“In the Gulag, an elaborate and ever-shifting hierarchy of identities emerged from this incessant categorization.  Not only were prisoners defined in opposition to the camp authorities, but they were themselves divided at different times by class background, national origin, article of conviction, military status, gender—that is who they were prior to arrival in the camps—along with labor productivity, behavior in the camps, health—that is who they had become in the camps.  All of these categories bore a direct relationship to the perceived redeemability of the prisoner or exiled person, and consequently also to their chances for survival.”

Then, since prisoners spend most of their time working, I go on to focus on the importance of labor in the Communist worldview and I explore labor productivity as a measure of “success” and “failure” in the reeducation project. To bring home the point that this line between success and failure was the line between life and death, I talk with students about the tie between provision of food and labor performance, showing this both as a way to promote labor productivity, but also to reward those who were laboring well and therefore “successes” and to punish and ultimately kill those who were not and therefore “failures.” Of course, I must temper that with recognition that laboring well was not a guarantee of survival, and that success or failure in meeting work norms was in no real sense a measure of some type of “reeducation.” In the next post, I’ll discuss one image that really brings this whole point home to the students.

So, at this point, then, I have largely laid out the operation of the Gulag from the point of view of Soviet authorities. The lecture does remarkably little with what it was like to live through the experience, relations among prisoners, etc., but ideally that will be handled through readings from some Gulag memoir (and hopefully some discussion of readings.) I’ll write later about my favorite readings for students.


Wilson Bell: The Gulag in Survey Courses

Map of the Soviet Gulag

How do I teach the Gulag in survey classes on Russian history? As with any undergraduate survey, trying to push students to think differently about what they think they know is a good place to start. The problem with the Gulag, however, is that very few students know anything—and I mean anything—about it. Many have never heard the term before. Still, if they know anything, they know that people were sent to Siberia. So, geography is where I start.

Take this map of Gulag camps, courtesy of the Memorial Society.[1] Each red dot represents the administrative headquarters for a Gulag camp. What do you notice (keep in mind that Moscow = МОСКВА on this map)? Well, clearly, the Gulag is not a phenomenon only of Siberia and the Far East. Indeed, a huge number of camps existed in European Russia, including areas in and around Moscow. Yet, if we start with geography as a way of breaking down preconceptions, we’re still faced with the question of where to place the Gulag in a survey course.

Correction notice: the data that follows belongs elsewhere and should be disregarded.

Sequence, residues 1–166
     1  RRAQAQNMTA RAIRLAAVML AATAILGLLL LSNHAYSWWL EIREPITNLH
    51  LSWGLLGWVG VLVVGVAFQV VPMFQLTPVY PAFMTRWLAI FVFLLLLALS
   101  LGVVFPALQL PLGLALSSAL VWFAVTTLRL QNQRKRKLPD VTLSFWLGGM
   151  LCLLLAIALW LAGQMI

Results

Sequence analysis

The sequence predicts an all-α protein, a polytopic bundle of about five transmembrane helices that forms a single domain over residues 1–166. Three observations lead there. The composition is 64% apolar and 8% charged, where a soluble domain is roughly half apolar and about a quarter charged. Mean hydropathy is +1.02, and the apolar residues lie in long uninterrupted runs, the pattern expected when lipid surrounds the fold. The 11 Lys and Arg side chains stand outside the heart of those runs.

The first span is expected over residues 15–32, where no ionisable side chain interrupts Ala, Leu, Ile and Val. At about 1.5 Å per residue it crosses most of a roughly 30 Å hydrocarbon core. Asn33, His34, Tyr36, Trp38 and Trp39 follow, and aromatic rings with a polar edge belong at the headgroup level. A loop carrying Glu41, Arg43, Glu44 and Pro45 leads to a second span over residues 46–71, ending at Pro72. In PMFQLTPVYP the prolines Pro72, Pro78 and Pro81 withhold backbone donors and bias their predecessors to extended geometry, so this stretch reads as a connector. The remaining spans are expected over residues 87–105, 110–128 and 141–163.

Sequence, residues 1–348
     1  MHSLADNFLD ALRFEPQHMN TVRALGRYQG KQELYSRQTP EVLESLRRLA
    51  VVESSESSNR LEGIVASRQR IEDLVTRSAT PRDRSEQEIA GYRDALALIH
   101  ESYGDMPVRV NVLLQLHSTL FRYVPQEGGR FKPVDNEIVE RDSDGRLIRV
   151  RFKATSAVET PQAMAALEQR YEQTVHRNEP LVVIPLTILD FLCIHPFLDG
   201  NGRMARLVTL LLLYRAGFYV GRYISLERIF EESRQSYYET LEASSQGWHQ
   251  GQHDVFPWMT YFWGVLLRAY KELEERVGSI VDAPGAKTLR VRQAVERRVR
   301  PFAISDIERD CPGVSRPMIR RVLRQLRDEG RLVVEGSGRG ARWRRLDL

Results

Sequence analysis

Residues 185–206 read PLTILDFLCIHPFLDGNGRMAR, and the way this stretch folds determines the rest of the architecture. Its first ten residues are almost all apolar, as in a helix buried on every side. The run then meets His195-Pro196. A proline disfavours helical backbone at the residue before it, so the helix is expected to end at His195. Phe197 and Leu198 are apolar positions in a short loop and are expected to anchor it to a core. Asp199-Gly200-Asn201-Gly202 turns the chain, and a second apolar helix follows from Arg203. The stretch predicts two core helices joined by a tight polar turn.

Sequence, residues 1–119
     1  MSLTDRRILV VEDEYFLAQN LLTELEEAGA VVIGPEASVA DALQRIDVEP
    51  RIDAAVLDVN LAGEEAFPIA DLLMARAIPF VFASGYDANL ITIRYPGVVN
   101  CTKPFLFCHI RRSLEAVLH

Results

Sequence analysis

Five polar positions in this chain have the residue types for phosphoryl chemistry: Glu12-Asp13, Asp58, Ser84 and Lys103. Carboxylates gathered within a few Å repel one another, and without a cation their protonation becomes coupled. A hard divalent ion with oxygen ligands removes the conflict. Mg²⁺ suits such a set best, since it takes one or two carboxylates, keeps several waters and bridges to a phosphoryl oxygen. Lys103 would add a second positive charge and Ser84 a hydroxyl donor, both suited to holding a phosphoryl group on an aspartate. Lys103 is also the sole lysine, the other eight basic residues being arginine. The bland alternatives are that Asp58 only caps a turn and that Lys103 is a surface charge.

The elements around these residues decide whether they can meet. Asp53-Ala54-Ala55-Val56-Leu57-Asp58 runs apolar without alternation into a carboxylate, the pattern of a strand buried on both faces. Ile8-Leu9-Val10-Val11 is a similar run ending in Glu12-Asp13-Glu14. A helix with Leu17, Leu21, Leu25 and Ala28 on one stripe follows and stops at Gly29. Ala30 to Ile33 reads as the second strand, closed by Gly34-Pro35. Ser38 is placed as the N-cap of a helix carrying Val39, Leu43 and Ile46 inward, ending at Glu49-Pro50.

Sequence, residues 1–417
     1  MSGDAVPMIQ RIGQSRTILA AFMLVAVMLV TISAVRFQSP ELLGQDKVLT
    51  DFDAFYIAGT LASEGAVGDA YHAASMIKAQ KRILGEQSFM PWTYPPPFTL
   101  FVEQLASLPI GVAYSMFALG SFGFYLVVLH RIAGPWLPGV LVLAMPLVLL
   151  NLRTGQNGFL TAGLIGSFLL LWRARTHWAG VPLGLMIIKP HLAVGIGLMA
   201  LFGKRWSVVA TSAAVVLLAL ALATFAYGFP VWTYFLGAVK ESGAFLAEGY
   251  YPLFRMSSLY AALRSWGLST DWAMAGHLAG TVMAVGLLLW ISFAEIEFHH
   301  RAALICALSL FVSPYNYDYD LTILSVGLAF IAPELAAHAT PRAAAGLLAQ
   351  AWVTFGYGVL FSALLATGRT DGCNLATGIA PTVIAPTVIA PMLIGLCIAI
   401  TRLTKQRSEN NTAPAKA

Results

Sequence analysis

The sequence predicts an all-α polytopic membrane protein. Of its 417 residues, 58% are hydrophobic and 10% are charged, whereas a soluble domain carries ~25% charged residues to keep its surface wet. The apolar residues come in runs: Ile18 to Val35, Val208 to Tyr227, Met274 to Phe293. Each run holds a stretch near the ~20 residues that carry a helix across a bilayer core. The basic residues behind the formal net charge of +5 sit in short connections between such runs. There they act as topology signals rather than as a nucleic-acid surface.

There is no easy place for the Gulag. If one teaches the course chronologically, there was some sort of penal camp system in place in Russia from 1918 until the collapse of the Soviet Union. And, indeed, the Tsarist system before the revolution relied on penal camps, as does Russia today. So, part of our problem is a matter of definition. What was the Gulag? Technically speaking, of course, GULag was the administrative bureaucracy (Glavnoe Upravlenie Lagerei – Main Camp Administration) in charge of running the extensive camp system, and, for a time, the special settlements (places of peasant exile). As a bureaucracy, it existed from 1930-1960. In my survey class, I bring up the camps in the context of the First Five-Year Plan and collectivization/de-kulakization. These events, from the late-1920s to the early-1930s, caused enormous disruption to Soviet society, perhaps even more than the Russian Revolution and Civil War. It was during this period when the Gulag expanded, rapidly, as the state sought to transform society, forcibly, into what was hoped would be a modern, industrialized state. I then go into greater detail about the Gulag when discussing the mass arrests during the period of 1937-38. I also frequently assign Solzhenitsyn’s One Day in the Life of Ivan Denisovich.[2] Short, but also powerful, this book lends itself well to class discussions about life in the camps, and also about the persistence of Soviet “values” even in anti-Stalinist writing (the titular Ivan Denisovich, for example, takes enormous pride in his manual labor). One Day is also important for discussions of de-Stalinization, of course, as Khrushchev permitted the publication of this novella as part of his campaign to reveal the excesses of the Stalin era. Coupled with Miriam Dobson’s excellent research on the public’s reception of the novella,[3] one can use One Day—and, by extension, the Gulag—to show the ambiguous feelings that existed in the Soviet Union around de-Stalinization and the release of prisoners.